eqbeta {EnvStats}  R Documentation 
Estimate Quantiles of a Beta Distribution
Description
Estimate quantiles of a beta distribution.
Usage
eqbeta(x, p = 0.5, method = "mle", digits = 0)
Arguments
x 
a numeric vector of observations, or an object resulting from a call to an
estimating function that assumes a beta distribution
(e.g., 
p 
numeric vector of probabilities for which quantiles will be estimated.
All values of 
method 
character string specifying the method to use to estimate the shape and scale
parameters of the distribution. The possible values are

digits 
an integer indicating the number of decimal places to round to when printing out
the value of 
Details
The function eqbeta
returns estimated quantiles as well as
estimates of the shape1 and shape2 parameters.
Quantiles are estimated by 1) estimating the shape1 and shape2 parameters by
calling ebeta
, and then 2) calling the function
qbeta
and using the estimated values for
shape1 and shape2.
Value
If x
is a numeric vector, eqbeta
returns a
list of class "estimate"
containing the estimated quantile(s) and other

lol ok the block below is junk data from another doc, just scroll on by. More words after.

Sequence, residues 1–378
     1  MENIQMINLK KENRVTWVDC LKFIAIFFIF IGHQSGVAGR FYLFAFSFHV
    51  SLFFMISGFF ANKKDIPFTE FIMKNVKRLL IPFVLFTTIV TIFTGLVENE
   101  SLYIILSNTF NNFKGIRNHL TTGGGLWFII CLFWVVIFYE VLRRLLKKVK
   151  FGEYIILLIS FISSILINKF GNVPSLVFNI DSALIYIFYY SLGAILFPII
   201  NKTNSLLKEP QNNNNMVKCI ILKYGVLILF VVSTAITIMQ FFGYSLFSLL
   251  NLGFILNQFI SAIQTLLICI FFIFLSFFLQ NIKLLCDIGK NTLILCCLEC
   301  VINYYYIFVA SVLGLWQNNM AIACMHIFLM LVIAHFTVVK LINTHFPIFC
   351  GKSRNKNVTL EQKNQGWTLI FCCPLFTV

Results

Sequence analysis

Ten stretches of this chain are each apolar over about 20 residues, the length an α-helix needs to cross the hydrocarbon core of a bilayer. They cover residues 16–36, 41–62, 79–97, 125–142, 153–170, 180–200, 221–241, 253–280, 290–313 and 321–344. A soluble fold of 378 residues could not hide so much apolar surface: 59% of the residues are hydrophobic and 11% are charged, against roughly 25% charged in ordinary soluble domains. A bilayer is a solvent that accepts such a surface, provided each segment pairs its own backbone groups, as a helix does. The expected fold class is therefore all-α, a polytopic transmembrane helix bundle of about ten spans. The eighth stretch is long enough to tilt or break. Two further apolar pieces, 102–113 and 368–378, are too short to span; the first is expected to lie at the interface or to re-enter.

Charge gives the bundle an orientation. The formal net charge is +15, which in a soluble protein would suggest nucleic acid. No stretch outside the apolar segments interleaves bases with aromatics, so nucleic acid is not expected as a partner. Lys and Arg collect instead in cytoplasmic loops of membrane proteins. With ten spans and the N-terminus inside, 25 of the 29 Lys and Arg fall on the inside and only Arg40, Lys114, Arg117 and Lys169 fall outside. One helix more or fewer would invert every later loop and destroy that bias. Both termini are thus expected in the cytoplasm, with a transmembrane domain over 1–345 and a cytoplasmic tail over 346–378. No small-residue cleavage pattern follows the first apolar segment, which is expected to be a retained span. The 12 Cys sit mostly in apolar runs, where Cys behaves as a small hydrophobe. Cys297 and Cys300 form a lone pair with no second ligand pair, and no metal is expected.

information. See estimate.object
for details.
If x
is the result of calling an estimation function, eqbeta
returns a list whose class is the same as x
. The list
contains the same components as x
, as well as components called
quantiles
and quantile.method
.
Note
The beta distribution takes real values between 0 and 1. Special cases of the
beta are the Uniform[0,1] when shape1=1
and
shape2=1
, and the arcsin distribution when shape1=0.5
and
shape2=0.5
. The arcsin distribution appears in the theory of random walks.
The beta distribution is used in Bayesian analyses as a conjugate to the binomial
distribution.
Author(s)
Steven P. Millard (EnvStats@ProbStatInfo.com)
References
Forbes, C., M. Evans, N. Hastings, and B. Peacock. (2011). Statistical Distributions. Fourth Edition. John Wiley and Sons, Hoboken, NJ.
Johnson, N. L., S. Kotz, and N. Balakrishnan. (1995). Continuous Univariate Distributions, Volume 2. Second Edition. John Wiley and Sons, New York.
See Also
Examples
# Generate 20 observations from a beta distribution with parameters
# shape1=2 and shape2=4, then estimate the parameters via
# maximum likelihood and estimate the 90'th percentile.
# (Note: the call to set.seed simply allows you to reproduce this example.)
set.seed(250)
dat < rbeta(20, shape1 = 2, shape2 = 4)
eqbeta(dat, p = 0.9)
#Results of Distribution Parameter Estimation
#
#
#Assumed Distribution: Beta
#
#Estimated Parameter(s): shape1 = 5.392221
# shape2 = 11.823233
#
#Estimation Method: mle
#
#Estimated Quantile(s): 90'th %ile = 0.4592796
#
#Quantile Estimation Method: Quantile(s) Based on
# mle Estimators
#
#Data: dat
#
#Sample Size: 20
#
# Clean up
rm(dat)